Commissioner Charlie McCreevy: Intellectual Property Rights – Next Steps, Informal ECOFIN Council, IPR Conference

September 11, 2006

Helsinki, 8 September 2006

Informal ECOFIN Council – IPR Conference
Helsinki, 8 September 2006

Ladies and Gentlemen,

I am delighted to be here today to share with you some thoughts on what could be done during the next couple of years to create a better environment for IPR in Europe. I believe the time is right to make a serious attempt to improve the IPR system in Europe. The Finnish Presidency has rightfully singled out innovation as the key factor for Europe's future. A good IPR environment in turn is a key factor for innovation.

I will be making every effort to secure an advance on several fronts. Indeed, I see this conference as an important opportunity to outline these ideas to which I hope you will be able to subscribe to.

Let me therefore thank the Finnish Presidency and especially Minister Pekkarinen for inviting me to speak at this key event. Europe is not a world on its own. Interconnections and interdependence characterise our increasingly global economy.

This is true not only for goods, but also for ideas, for inventions and for creativity. Europe needs to play to its strengths. Building on excellence in education and research, it must put more effort into deploying its creativity and inventiveness in the search for new products and business models. Only by 'racing to the top' in terms of innovation and added-value will Europe will outrun the fast-growing economies emerging throughout the world.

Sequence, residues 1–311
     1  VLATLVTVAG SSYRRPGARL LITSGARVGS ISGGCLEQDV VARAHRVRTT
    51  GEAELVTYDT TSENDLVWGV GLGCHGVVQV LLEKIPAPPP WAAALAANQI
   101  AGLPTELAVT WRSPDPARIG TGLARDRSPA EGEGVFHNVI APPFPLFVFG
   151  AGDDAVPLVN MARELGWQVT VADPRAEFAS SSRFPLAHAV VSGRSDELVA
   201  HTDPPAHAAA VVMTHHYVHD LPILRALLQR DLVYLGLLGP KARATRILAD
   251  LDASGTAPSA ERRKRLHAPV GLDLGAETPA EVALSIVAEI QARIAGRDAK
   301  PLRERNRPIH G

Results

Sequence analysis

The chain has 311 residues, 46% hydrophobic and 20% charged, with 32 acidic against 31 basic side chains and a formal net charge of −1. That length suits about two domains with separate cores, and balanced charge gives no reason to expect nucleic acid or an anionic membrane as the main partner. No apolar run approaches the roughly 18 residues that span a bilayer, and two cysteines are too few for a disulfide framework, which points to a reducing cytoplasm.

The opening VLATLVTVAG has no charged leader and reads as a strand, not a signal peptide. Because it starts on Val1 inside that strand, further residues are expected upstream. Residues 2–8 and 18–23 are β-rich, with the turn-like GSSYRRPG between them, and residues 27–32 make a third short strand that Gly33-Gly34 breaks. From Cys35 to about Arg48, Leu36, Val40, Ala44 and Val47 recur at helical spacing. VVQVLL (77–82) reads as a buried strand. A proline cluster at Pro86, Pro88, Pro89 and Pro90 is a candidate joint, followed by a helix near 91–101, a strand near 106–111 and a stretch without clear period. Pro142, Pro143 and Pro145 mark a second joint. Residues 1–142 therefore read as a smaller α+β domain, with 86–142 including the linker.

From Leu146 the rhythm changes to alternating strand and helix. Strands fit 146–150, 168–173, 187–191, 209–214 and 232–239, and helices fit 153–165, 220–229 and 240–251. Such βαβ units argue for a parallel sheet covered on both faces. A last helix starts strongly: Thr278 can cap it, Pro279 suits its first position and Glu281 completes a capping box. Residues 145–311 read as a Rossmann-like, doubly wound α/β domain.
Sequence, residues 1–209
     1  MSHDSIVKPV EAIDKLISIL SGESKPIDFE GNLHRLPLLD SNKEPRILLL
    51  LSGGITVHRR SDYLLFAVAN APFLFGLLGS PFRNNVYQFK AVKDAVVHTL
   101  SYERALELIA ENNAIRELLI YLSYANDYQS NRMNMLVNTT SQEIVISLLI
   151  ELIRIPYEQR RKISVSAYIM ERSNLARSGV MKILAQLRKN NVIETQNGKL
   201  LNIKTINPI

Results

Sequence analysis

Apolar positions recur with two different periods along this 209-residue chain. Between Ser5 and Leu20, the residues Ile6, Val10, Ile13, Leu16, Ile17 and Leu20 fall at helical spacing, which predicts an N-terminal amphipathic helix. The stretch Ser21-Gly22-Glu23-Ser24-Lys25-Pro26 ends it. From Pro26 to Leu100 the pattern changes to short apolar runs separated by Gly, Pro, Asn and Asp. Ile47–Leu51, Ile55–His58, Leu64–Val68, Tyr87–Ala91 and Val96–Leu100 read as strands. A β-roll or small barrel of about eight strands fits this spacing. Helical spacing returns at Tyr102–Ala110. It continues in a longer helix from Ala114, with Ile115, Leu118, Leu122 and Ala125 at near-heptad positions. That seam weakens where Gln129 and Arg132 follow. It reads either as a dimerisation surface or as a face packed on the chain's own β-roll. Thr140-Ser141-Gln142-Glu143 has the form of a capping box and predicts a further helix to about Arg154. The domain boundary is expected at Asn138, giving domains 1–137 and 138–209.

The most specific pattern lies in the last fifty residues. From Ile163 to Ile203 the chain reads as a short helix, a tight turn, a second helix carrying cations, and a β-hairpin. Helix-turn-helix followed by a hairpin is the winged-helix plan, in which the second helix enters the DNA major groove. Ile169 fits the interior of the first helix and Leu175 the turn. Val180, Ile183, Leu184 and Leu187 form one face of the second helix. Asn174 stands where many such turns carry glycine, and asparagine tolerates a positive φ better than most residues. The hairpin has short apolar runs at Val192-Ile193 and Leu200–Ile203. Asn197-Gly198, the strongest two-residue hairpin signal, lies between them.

A regulatory framework which stimulates and rewards innovation, which is affordable and easy to understand is of great importance in achieving this goal. Therefore we need to be sure that we frame our rules carefully and make them work for the benefit of all the players. Of equal importance, of course, is the correct application of the rules – and the legal certainty this brings.

It is D-day for Europe when it comes to intellectual property protection. Or – as the title of the conference put it – we are at the crossroads facing new IPR challenges. Looking outwards, we are facing continuous, and not always equal competition from the US and Japan, but also from emerging economic super-powers like China or India. Looking inwards, to measure the important challenges we are now facing, it is instructive to compare European trade marks' and patents' regulatory frameworks.

The Community Trade Mark has been in existence for 10 years now. It is a real success story which has exceeded all predictions. The Trade Mark is proof that Community IPR titles respond to the needs of business, especially when supported by an efficient organisation for processing applications.